Going On Your First Road Trip As A Couple

Road trips are a fun way to get to know your new boo, as well as an exciting adventure.  It can also be nerve testing, but it's also a great way to become closer to each other.  With Spring comes graduations, parties, Memorial Day, and shortly thereafter summer with all the travel it entails. You and your new bae may find yourselves facing a long road trip together for the first time. There’s a lot to love—and a few common pitfalls to look out for—while spending time strapped in together.

Setting the mood:

Have Apple Music, Tidal, Spotify and Pandora on deck, there’s still romance to be found in your music choice. Whether you make a special playlist or download an app to do it for you, your thought and effort will help set the tone for your ride. If you’re the driver, consider asking your co-pilot to play some music they like. It’s a good way to connect and make conversation, helping both pass the drive time and deepen your connection, all with the added benefit of enjoyable tunes.

Preparing for your arrival:

Traveling to the hometown of your new squeeze for a holiday or celebration? Even if you’ve met the family before, being on your honey’s home-turf brings new challenges. If you’re the one bringing someone special home, a little preparation goes a long way. Offer your new love some insider-tips: Has Ms. Walker been working at the Wing Palace since you were in 10th grade? Does your brother roll a good blunt? Is your aunt going to get drunk at the party and cut the fool? Giving your companion a few small heads-ups about personalities and the idiosyncrasies of where you’re from, you’ll both enjoy your trip more.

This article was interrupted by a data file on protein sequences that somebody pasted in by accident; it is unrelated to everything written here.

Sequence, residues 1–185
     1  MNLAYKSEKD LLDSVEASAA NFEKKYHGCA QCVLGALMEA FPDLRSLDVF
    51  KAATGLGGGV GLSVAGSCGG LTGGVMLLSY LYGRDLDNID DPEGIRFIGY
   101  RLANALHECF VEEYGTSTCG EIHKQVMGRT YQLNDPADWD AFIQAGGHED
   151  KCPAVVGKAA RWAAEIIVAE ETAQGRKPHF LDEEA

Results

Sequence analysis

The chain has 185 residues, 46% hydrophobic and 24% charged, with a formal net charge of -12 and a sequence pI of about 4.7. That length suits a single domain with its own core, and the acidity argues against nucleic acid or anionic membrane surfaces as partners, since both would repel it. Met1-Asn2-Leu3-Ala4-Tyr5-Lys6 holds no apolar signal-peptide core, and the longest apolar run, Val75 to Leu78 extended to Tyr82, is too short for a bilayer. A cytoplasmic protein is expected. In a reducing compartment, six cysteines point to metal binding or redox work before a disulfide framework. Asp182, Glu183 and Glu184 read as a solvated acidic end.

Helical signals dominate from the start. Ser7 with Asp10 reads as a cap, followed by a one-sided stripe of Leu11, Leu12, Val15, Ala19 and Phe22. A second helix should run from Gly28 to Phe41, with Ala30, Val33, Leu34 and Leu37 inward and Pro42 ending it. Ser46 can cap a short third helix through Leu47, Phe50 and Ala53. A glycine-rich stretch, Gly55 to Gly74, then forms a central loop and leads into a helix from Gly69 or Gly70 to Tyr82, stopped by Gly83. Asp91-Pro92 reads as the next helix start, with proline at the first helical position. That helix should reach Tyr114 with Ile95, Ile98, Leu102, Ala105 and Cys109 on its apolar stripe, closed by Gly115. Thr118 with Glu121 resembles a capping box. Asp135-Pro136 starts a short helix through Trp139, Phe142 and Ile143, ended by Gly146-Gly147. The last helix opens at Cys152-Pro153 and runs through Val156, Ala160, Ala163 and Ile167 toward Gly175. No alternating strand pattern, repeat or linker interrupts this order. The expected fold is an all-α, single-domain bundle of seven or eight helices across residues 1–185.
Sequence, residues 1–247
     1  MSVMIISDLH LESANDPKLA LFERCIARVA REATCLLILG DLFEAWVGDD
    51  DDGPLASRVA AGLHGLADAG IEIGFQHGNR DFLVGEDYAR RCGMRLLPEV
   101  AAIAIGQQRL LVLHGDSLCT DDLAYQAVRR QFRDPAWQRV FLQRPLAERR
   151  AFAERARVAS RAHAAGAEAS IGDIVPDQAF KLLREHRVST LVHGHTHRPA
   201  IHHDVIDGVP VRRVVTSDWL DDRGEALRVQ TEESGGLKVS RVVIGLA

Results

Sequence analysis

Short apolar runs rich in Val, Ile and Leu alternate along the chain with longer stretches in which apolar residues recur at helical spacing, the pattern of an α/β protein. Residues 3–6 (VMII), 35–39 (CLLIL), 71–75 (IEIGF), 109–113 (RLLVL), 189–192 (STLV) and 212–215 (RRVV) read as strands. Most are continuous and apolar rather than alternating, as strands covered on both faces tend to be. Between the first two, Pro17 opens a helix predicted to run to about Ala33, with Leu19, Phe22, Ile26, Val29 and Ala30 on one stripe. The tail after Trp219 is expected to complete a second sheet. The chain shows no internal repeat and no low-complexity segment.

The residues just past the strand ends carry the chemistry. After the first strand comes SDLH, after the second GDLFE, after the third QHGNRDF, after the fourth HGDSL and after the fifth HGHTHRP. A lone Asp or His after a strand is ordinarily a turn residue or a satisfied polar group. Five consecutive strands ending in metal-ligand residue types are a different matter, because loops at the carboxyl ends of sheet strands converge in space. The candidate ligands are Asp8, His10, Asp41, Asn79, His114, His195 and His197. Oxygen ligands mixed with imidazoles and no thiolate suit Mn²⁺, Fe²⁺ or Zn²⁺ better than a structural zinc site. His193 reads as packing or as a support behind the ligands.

Pit-stops: to pee or not to pee

Many of us have strong feelings about making good time versus making time for driving breaks, and it’s a good idea to find out where you both stand before you set out for your journey. No one wants to have an argument on the interstate, when you can’t even meet one another’s eye. If you’re a mismatch, fear not. Your relationship isn’t doomed, but how you handle each other’s needs is important. If you’d rather drive six straight hours and ensure you arrive in time for dinner, but your new flame feels more comfortable with hourly leg stretching, consider working out a compromise beforehand: maybe one scheduled stop, halfway, with a wild-card emergency break if someone decides they’ve had too much coffee.

Knowing how to get there is half the battle

We have Google Maps and GPS for the turn-by-turn, and those gentle voices will even speak the directions aloud, forgoing the need for an alert and map-literate co-pilot. Hopefully many potential arguments and hurt feelings can now be avoided. But what if you and your squeeze disagree about more than Google can handle? What if it’s not the directions, but destination itself, or the best route to take, that becomes a sticking point? In these cases, Quoted recommends a few deep breaths, a pause, and remembering that being right isn’t most important. Instead, being a supportive and flexible companion will show your new love that the relationship trumps your ego. And, if the trip takes a little extra time, or you go slightly off course, it’ll be a great anecdote for your friends someday.

Dos and Don’ts:


    Keep your road rage in check
    Go 50-50 on the music choices
    Offer to take the wheel
    Feed the driver and give head scratches (if you’re averse to driving, these are great ways to keep your co-pilot job)


    Backseat drive
    Speed; you won’t look cool if you get pulled over
    Be afraid to try your comedy routines
    Chat with your mom—really—you can catch up later

No matter if you’ve been together for one week or six months, your first long car trip together is an opportunity to gain a deeper understanding of each other. The confined space and shared goal of reaching the destination offers you chances to weather disagreements, gracefully accommodate your companion, and work as a team. If you both still like each other at the end, pat yourselves on the back and squeeze each other’s road-weary hands extra tight; you may have found love.

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